I started out with a Sekonic Micro Leader which I really liked. Then got the Sekonic L28c2 which is really great. Although it did both incident and reflected, I thought it worked better as an incident meter. Unfortunately it got dropped one to many times and only works when held sideways. Now I have Gossen's Luna Pro and Luna Pro SBC. I like the former for its size, and the later for its SBC. For some reason, I tend to think the Luna Pro is better with reflected light, and the SBC for incident. Although I used to be pretty good with a data sheet and my eyes, I prefer to use a light meter since I think my eyes need recalibrating.

charjohncarter
08-29-2007, 09:19
I rely on both a meter and 'sunny 16.' Mostly, I use a meter though, I have an old Sekonic Weston look-a-like. I gives me the whole view; zone system, E.V.s, f stops and shutter speeds, and the relative amount of light in a scene.

Glenn2
08-29-2007, 09:24
My favorite meter was the Zeiss Ikophot until it started giving crazy readings. Replaced the Zeiss with a Sekonic L308S and have been very pleased with the results. A big plus is that the Sekonic uses a single AA cell, not something weird and expensive. Have checked the readings against my Minolta spotmeter and they compare right on.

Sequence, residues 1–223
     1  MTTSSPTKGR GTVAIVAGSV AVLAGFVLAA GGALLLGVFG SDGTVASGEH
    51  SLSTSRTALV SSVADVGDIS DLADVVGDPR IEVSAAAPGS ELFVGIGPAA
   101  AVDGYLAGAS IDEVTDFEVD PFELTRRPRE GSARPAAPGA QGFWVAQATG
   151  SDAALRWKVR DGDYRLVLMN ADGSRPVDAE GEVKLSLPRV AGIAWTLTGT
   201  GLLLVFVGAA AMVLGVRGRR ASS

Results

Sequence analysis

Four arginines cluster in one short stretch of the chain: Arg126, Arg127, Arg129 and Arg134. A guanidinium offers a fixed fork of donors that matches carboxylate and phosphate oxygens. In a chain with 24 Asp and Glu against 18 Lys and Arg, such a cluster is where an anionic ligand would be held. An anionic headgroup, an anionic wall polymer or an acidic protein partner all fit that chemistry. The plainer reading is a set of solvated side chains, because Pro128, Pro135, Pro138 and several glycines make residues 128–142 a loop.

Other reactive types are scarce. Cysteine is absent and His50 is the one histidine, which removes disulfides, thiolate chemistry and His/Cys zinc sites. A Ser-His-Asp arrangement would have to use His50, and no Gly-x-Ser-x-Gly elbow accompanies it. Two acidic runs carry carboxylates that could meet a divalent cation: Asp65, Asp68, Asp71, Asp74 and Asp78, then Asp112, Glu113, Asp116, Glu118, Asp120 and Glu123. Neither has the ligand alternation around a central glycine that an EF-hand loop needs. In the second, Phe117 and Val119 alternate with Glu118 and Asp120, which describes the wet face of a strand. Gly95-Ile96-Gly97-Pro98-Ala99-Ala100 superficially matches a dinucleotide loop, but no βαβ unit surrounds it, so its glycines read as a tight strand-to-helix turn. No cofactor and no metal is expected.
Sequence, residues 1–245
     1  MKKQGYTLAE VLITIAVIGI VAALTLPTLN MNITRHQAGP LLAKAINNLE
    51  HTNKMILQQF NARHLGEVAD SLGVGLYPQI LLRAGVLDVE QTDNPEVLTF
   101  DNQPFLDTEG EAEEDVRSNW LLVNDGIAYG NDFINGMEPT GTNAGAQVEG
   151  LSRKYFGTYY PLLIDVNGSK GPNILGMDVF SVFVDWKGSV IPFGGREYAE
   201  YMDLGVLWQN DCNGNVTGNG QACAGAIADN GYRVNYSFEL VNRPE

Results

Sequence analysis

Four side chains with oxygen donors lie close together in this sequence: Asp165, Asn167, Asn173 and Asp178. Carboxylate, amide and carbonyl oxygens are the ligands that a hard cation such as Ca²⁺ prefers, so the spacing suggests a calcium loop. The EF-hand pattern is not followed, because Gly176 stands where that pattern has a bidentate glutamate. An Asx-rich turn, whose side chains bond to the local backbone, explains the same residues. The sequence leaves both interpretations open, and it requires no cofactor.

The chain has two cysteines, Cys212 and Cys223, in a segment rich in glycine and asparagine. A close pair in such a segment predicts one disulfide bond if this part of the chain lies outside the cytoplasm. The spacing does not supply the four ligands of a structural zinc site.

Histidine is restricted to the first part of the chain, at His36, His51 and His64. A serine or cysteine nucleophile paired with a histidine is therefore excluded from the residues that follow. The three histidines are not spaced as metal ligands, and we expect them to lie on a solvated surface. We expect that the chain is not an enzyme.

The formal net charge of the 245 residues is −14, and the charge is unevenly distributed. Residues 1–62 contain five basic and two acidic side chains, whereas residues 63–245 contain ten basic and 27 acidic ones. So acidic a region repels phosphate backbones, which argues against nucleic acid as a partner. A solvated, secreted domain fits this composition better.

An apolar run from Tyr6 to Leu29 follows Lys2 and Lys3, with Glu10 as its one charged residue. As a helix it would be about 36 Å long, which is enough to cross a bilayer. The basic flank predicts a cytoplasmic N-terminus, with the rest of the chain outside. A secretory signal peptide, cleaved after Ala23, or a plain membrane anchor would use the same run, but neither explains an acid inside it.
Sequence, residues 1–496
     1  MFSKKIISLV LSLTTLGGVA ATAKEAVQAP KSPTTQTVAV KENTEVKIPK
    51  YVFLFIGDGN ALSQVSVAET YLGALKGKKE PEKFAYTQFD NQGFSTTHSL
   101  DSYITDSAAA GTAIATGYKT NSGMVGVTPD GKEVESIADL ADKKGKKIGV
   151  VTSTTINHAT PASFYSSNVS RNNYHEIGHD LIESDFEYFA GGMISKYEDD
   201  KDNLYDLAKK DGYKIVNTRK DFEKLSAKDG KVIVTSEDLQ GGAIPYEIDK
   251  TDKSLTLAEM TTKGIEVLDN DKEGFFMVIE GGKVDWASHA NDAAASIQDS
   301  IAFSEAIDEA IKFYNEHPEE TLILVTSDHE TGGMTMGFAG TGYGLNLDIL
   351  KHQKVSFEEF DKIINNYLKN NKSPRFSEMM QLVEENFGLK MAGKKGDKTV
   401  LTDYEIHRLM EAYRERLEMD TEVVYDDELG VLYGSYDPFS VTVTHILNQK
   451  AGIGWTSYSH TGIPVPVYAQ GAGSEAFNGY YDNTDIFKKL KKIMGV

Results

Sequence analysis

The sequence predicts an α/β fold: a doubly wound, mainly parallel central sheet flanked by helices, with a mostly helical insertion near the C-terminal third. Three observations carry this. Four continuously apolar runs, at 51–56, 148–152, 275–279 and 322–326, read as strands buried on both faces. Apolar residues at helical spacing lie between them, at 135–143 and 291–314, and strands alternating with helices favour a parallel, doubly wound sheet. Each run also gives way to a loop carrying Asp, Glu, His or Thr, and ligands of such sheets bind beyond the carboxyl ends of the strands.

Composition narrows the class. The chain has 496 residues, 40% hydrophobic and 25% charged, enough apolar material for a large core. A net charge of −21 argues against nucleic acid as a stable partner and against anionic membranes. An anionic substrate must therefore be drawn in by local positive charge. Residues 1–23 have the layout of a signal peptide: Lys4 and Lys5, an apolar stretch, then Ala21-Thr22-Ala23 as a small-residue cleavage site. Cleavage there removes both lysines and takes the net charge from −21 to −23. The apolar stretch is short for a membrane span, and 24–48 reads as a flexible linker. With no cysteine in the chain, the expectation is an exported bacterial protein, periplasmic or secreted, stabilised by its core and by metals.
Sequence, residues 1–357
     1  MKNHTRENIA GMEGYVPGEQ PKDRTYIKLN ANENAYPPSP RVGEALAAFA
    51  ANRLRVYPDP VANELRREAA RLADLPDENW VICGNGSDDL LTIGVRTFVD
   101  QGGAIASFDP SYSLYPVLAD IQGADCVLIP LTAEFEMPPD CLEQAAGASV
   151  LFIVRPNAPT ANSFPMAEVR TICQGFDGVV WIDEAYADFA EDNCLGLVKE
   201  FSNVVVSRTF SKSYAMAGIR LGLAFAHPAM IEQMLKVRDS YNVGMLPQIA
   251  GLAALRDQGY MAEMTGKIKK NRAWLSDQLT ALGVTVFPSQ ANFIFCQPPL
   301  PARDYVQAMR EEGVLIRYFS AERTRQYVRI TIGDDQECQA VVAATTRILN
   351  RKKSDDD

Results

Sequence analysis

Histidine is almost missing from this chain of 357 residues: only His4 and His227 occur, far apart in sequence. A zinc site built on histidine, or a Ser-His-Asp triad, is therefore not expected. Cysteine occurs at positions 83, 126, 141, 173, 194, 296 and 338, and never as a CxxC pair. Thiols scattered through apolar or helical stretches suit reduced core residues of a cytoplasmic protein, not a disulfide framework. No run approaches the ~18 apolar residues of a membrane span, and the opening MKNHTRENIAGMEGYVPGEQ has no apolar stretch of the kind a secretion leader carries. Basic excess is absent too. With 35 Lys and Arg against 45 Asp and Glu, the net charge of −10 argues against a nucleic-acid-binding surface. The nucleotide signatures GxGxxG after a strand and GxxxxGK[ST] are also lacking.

Mainly use the meter for difficult lighting situations, if outside sunny 16 along with some Kentucky windage is the norm.

Glenn

einolu
08-29-2007, 09:25
options for a digital light meter under $100? used sekonic 308... anything else?

Windwalker57
08-29-2007, 09:40
My all time most reliable meter was the Gossen Luna Pro I purchased in 1973 and used constantly since. I have recently sold it to a photo student and replaced it with a Minolta Autometer IV F. The Luna Pro was iffy with incident readings, but was super at reflected light reading. A friend and I once checked its low light threshold, would you believe one candle at 100 yards? It took the meter more than a minute to register.

kuvvy
08-29-2007, 11:40
Used a Weston Master V meter too when I was a wedding photographer. Very reliable. Now have the tiny Digisix. Small, light and accurate. Either of these are recomended.

spyder2000
08-29-2007, 11:43